induces a norm, and we denote by \(H^{2}_{0}\) the Hilbert space endowed with this norm.

Finally, on the set

$$ \bigl\{ (v, w, \vartheta ): \bigl(v= (v_{m},\phi _{jk},\phi ),\vartheta \bigr)\in {\tilde{\mathbf{C}}}^{1}(\Omega ), \bigl(w= (w_{m},\psi _{jk},\chi ), \vartheta \bigr) \in {\hat{ \mathbf{C}}}^{1}(\Omega ) \bigr\} , $$

we define a scalar product which induces the norm

$$\begin{aligned} \bigl\vert (v, w, \vartheta ) \bigr\vert _{0} =& \biggl\{ \frac{1}{2} \int _{\Omega } \bigl[ \varrho w_{m} w_{m}+ I_{jk}\psi _{jm}\psi _{km}+ \rho k \chi ^{2} \\ &{}+A_{ijmn}e_{mn}(v)\dot{e}_{ij}(w) + G_{ijmn} \bigl(e_{ij}(v) \varepsilon _{mn}(w)+e_{ij}(w) \varepsilon _{mn}(v) \bigr) \\ &{}+F_{ijmnr} \bigl(e_{ij}(v)\gamma _{mnr}(w)+e_{ij}(w) \gamma _{mnr}(v) \bigr) +B_{ijmn}\varepsilon _{ij}(v) \varepsilon _{mn}(w) \\ &{}+D_{ijmnr} \bigl(\varepsilon _{ij}(v)\gamma _{mnr}(w) + \varepsilon _{ij}(w)\gamma _{mnr}(v) \bigr) + C_{ijkmnr}\gamma _{ijk}(v) \gamma _{mnr}(w) \\ &{}+a_{ijk} \bigl(e_{ij}(v)\varphi _{,k}+e_{ij}(w) \chi _{,k} \bigr) +b_{ijk} \bigl(\varepsilon _{ij}(v) \varphi _{,k}+\varepsilon _{ij}(w)\chi _{,k} \bigr) \\ &{}+c_{ijkm} \bigl(\gamma _{ijk}(v)\varphi _{,m}+\gamma _{ijk}(w) \chi _{,m} \bigr)+d_{ij}\varphi _{,i}\chi _{,j} +c \vartheta ^{2} \bigr]\,dV \biggr\} ^{1/2}, \end{aligned}$$

and the spaces endowed with this norm will be denoted by \(H^{3}_{0}\).

Considering hypotheses (13)–(16) and taking into account the previous identity (17), we can deduce that there is a constant \(c_{4}>0\), which depends only on c, k, and \(T_{0}\) so that, for all \(\omega \in H_{0}^{2}\), the next inequality occurs:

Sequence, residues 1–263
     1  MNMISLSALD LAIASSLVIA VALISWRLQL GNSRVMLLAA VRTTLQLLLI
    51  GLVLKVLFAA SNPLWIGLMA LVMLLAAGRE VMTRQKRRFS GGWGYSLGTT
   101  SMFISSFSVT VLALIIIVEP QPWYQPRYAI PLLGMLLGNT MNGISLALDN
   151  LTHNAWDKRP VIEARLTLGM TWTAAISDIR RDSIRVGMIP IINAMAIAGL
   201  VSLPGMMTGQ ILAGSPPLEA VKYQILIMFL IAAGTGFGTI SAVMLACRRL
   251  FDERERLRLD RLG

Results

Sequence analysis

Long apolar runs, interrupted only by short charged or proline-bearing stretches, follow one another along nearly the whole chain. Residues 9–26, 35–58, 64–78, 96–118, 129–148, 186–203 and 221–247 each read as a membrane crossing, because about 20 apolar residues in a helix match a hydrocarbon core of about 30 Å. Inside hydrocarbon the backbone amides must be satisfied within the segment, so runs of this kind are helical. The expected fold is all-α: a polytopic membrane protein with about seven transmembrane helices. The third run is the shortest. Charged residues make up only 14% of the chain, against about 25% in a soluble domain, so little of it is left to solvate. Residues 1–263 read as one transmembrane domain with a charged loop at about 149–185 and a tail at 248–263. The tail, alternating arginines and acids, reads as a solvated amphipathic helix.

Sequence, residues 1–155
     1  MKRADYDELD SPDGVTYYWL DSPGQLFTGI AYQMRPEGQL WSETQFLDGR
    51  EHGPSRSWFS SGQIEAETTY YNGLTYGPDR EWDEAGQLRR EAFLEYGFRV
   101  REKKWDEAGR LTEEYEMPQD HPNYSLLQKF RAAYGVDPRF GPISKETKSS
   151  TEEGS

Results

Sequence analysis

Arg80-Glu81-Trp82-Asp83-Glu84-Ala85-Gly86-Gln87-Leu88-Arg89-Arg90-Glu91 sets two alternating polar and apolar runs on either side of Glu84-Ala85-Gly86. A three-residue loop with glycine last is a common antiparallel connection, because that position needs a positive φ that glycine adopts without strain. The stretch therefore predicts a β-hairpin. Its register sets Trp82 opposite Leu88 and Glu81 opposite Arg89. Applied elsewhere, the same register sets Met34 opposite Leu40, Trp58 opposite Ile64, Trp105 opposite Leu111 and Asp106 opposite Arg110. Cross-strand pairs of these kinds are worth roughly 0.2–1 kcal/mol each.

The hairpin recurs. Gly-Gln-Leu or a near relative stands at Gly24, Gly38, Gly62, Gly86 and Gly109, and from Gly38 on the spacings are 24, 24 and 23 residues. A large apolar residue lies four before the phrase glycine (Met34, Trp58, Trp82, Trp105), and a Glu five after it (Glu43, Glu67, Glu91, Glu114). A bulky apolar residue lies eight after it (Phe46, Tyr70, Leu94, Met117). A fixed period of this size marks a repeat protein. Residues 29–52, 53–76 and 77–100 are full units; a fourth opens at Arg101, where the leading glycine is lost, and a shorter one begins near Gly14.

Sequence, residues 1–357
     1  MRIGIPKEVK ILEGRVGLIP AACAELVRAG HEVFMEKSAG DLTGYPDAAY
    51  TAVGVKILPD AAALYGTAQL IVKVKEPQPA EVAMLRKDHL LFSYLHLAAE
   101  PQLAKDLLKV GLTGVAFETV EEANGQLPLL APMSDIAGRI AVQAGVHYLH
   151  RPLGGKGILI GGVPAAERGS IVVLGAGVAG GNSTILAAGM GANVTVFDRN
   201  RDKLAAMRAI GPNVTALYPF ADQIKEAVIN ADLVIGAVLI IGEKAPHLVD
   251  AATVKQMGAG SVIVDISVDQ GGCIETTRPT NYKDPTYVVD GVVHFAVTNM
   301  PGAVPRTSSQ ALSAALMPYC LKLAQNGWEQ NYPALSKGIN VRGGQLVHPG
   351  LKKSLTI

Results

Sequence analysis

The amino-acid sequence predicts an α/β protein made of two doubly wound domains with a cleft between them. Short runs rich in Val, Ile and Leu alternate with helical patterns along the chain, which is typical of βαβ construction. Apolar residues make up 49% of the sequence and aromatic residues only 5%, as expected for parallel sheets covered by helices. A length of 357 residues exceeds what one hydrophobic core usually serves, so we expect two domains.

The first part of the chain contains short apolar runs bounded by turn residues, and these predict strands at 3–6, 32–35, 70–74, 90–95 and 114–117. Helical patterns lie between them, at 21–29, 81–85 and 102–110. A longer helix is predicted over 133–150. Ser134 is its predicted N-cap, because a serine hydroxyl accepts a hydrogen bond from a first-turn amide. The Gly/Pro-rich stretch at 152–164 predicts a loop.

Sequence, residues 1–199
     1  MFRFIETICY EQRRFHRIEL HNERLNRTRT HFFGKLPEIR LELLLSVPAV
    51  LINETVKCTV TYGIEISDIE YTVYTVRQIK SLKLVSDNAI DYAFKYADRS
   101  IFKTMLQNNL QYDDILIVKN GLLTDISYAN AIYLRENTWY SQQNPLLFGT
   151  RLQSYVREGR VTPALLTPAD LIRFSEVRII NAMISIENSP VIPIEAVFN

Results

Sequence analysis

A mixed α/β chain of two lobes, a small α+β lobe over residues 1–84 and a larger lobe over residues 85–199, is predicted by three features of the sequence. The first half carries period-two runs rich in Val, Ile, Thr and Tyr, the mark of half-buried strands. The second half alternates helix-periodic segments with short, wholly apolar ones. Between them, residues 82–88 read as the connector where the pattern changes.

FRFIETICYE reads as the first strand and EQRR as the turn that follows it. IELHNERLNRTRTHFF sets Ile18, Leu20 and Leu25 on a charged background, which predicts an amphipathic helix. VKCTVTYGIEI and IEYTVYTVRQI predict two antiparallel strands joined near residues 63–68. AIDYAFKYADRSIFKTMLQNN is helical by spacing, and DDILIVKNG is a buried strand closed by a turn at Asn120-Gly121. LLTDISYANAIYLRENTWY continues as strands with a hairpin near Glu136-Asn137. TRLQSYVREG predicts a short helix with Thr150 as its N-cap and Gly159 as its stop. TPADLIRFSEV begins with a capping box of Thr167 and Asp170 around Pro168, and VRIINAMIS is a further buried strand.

$$\begin{aligned} \vert \omega \vert ^{2}\le c_{4} E_{3}(\omega ,\omega ). \end{aligned}$$

For the mixed problem \({\mathcal{P}}\), we consider an arbitrary solution \(u= (v_{m},\phi _{jk},\varphi )\) and use the notation \(y= (u,\vartheta )\) in order to introduce the notion of finite energy solution by means of the following definition.

Definition 1

We assume that the following two conditions are met:

$$\begin{aligned}& E_{3}(z,w)=E_{4}(y,w)+E_{5}( \delta ,w), \quad \forall w= \bigl( (w_{m}, \psi _{jk},\chi ),T \bigr)\in H_{0}^{2}(\Omega ), \end{aligned}$$
$$\begin{aligned}& \lim_{s\to 0}u(s)=u_{0},\quad \text{in }{ \mathbf{H}}_{0}(\Omega ). \end{aligned}$$

Then, we call the solution with finite energy of the problem \({\mathcal{P}}\) as being the ordered array \(( (v_{m},\phi _{jk},\varphi ),\vartheta )\) corresponding to the initial conditions \(\zeta = ( (v^{0}_{m} ), (\phi _{jk}^{0} ), \varphi ^{0},\vartheta ^{0} )\) and to the following loads \(z= ( (f_{m} ), (g_{jk} ),l,r )\).

Let us suppose that we have given such kind of solution of the above defined problem \({\mathcal{P}}\). Then we will be able to determine other solutions with finite energy.

In this sense, we introduce the following notations:

$$\begin{aligned}& {\hat{f}}_{m}(x,s)=w_{m}^{0}(x)+ \int _{0}^{s}f_{m}(x,\tau )\,d\tau , \\& {\hat{g}}_{jk}(x,s)=\psi _{jk}^{0}(x)+ \int _{0}^{s}g_{jk}(x,\tau )\,d\tau , \\& {\hat{l}}(x,s)=\chi ^{0}(x)+ \int _{0}^{s}l(x,\tau )\,d\tau , \\& {\hat{r}}(x,s)=\frac{T_{0}}{\rho } \bigl[ \alpha _{mn}(x)e_{mn} \bigl(v^{0} \bigr)+ \beta _{mn}(x)\varepsilon _{mn} \bigl(v^{0} \bigr) \\& \hphantom{{\hat{r}}(x,s)=}{}+ \delta _{mnr}(x)\gamma _{mnr} \bigl(v^{0} \bigr)+ c(x) \vartheta ^{0}+a_{m}(x)\varphi _{,m}^{0} \bigr]+ \int _{0}^{s}r(x, \tau )\,d\tau . \end{aligned}$$

With the help of the finite energy solution \(( (v_{m},\phi _{jk},\varphi ),\vartheta )\), we can obtain a new finite energy solution. To this aim we will use the procedure proposed by Dafermos in the paper [20] and obtain the following result.

Theorem 1

If \(y= ( (v_{m},\phi _{jk},\varphi ),\vartheta )\) is a solution with finite energy for the problem \({\mathcal{P}}\) corresponding to the sources \(z= (f_{m}, g_{jk},l,r )\) and to the inhomogeneous initial relations \(\delta = (v_{m}^{0},\phi _{jk}^{0},\varphi ^{0},\vartheta ^{0} )\), then the ordered array \({\hat{y}}= ( ({\hat{v}}_{m},{\hat{\phi }}_{jk},{\hat{\varphi }} ),{\hat{\vartheta }} )\) defined by

$$ {\hat{y}}= \int _{0}^{s}y(x,\tau )\,d\tau $$

satisfies the problem \({\mathcal{P}}\) as a solution with finite energy, but corresponding to the above defined loads \(\hat{z}= (\hat{f}_{m}, \hat{g}_{jk}, \hat{l}, \hat{r} )\) and to the particular initial relations \({\hat{\delta }} = (0,0,\varphi ^{0},0 )\).